by Laurence Sauvé
An outstanding discovery that could save over 4,000 Americans in need of heart transplant could be underway. A group at Carnegie Mellon have been experimenting with 3D printing, and it looks like the lack of donors could no longer be an issue.
The classic well-known 3D printers have been trending for the past decade for various types of uses and has been available to the public for purchase. Made out of metal or plastic, these 3D printers build hard objects by working on a layer-by-layer surface that is deposited to create the object desired. But for each step towards the final product to have steady support, the material needs to be durable, substantial and safe, making tissue engineering restrictive because gel is the main component. “We’ve been able to take MRI images of coronary arteries and 3D images of embryonic hearts, then 3D bioprint them with unprecedented resolution and quality out of very soft materials like collagens, alginates and fibrins,” said Adam Feinberg, an associate professor of Materials Science, Engineering and Biomedical Engineering at Carnegie Mellon University and leader of the Regenerative Biomaterials and Therapeutics Group (phys.org). This is the first time bringing together collagen or fibrin; common tissue engineering gels are developed as a method for furthering the future of organ transplants.
This all began when Adam Feinburg went to run errands at the market and got gelatin supplies along with a 3D printer. He, alongside his coworkers, wanted to explore how to synthesize human body tissue through a way that was not too expensive. His team started by composing structural duplicates of different types of organs such as arteries and brains, but quickly realized using such smooth and mushy material posed a challenge. But his new Freeform Reversible Embedding of Suspended Hydrogel (FRESH) technique solved the problem. His idea was basically to have one gel inside another type of gel that washes away to support the first gel used. Feinburg thinks that by using water at body temperature, there would be no detriment to sensitive biological molecules or bio printed healthy, active cells because it would be quickly cleaned. Already being a step ahead of science, all that’s left is for the 3D printed models to have real human heart cells in order to attain a more authentic result and provide a stage to help contract the muscle.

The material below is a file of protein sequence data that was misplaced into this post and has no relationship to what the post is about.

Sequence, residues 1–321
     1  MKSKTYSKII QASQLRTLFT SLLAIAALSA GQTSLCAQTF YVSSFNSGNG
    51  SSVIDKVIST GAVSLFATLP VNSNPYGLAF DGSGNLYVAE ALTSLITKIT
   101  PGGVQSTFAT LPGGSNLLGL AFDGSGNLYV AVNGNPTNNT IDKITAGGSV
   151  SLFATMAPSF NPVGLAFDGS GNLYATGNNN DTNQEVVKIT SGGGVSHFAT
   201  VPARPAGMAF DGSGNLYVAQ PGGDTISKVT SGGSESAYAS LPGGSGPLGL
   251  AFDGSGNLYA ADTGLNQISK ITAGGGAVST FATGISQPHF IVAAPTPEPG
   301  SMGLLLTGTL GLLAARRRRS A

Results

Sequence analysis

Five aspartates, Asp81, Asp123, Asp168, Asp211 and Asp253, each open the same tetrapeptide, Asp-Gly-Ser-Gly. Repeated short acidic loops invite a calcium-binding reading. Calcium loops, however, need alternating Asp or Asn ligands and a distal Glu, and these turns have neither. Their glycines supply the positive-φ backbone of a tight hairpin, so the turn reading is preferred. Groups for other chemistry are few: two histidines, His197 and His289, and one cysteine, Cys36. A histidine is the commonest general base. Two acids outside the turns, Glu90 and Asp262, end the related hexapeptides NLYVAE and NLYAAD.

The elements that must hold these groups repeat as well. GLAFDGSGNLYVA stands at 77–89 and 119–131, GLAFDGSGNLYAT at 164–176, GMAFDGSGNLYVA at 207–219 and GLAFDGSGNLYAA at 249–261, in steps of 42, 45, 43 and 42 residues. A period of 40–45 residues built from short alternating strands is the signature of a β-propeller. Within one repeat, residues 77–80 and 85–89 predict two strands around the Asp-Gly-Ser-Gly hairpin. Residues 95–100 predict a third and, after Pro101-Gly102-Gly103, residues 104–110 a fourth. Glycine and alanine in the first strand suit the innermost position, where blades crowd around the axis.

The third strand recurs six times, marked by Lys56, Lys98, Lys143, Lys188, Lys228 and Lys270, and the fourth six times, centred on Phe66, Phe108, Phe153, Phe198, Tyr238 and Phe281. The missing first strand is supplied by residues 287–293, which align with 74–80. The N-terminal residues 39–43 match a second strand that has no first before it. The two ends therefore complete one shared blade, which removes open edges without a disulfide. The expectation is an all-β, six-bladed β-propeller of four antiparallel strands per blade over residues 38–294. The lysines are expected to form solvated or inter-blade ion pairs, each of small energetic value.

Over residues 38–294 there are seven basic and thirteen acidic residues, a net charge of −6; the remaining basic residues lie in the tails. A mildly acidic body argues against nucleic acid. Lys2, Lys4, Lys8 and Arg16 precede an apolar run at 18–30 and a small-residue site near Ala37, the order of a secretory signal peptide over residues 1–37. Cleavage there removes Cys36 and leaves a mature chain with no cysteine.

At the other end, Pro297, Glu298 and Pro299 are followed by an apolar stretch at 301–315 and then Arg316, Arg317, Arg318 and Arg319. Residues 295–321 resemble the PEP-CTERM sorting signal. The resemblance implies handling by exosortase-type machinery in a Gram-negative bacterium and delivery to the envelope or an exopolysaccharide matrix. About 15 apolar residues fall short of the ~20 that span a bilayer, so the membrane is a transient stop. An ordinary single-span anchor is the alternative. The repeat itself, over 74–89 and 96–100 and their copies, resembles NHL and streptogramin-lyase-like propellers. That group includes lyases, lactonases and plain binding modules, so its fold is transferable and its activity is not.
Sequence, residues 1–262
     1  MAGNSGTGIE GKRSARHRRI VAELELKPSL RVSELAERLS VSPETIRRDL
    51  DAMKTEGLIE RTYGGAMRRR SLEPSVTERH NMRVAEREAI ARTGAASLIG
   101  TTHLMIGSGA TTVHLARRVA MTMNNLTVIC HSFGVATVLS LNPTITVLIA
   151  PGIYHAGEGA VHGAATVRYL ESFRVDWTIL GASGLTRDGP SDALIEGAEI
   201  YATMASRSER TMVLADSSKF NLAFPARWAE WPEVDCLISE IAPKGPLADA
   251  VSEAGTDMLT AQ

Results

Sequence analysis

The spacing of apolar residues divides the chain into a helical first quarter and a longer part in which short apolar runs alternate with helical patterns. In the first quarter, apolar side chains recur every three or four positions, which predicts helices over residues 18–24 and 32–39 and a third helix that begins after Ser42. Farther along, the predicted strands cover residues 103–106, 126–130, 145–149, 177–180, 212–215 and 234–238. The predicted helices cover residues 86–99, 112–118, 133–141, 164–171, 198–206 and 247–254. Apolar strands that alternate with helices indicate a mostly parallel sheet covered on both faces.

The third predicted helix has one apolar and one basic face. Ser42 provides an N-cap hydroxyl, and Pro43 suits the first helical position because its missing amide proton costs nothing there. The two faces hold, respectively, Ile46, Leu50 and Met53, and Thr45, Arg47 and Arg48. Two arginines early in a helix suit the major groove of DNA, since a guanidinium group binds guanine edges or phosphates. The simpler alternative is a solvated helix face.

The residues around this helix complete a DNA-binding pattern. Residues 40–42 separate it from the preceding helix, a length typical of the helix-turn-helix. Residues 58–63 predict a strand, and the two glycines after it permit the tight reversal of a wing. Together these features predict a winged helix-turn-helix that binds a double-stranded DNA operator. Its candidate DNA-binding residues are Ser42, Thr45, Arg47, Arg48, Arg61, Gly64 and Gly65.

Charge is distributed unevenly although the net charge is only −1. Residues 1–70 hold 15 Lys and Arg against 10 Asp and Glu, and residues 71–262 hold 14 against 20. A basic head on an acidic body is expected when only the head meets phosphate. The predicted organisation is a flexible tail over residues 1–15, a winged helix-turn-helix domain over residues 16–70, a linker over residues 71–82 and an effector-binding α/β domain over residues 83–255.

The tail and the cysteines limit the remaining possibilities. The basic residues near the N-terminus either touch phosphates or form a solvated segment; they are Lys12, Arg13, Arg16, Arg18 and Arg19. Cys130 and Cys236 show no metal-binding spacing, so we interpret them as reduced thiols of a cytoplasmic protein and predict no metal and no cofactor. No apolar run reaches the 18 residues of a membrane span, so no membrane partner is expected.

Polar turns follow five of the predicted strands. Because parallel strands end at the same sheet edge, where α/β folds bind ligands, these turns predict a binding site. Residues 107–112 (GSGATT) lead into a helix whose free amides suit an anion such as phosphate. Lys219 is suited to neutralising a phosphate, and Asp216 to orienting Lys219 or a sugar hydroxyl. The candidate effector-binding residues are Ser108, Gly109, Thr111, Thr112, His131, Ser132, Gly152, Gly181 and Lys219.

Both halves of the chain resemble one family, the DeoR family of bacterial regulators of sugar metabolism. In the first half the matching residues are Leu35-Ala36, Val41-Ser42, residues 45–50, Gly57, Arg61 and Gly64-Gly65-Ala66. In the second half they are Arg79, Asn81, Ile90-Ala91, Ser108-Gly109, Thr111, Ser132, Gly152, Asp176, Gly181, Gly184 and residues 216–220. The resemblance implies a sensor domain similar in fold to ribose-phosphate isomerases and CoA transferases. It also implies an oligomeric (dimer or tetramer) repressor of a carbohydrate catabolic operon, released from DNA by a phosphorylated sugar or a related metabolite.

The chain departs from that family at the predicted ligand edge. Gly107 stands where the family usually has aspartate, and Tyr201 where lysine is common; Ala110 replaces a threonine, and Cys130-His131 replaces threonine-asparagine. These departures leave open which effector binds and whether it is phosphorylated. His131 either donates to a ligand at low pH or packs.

Bioprinting is a growing field, but to date, most 3D bioprinters have cost over $100,000 and/or require specialized expertise to operate, limiting wider-spread adoption. Feinberg’s group, however, has been able to implement their technique on a range of consumer-level 3D printers, which cost less than $1,000 by utilizing open-source hardware and software. “Not only is the cost low, but by using open-source software, we have access to fine-tune the print parameters, optimize what we’re doing and maximize the quality of what we’re printing,” Feinberg said. “It has really enabled us to accelerate development of new materials and innovate in this space. And we are also contributing back by releasing our 3D printer designs under an open-source license” (phys.org).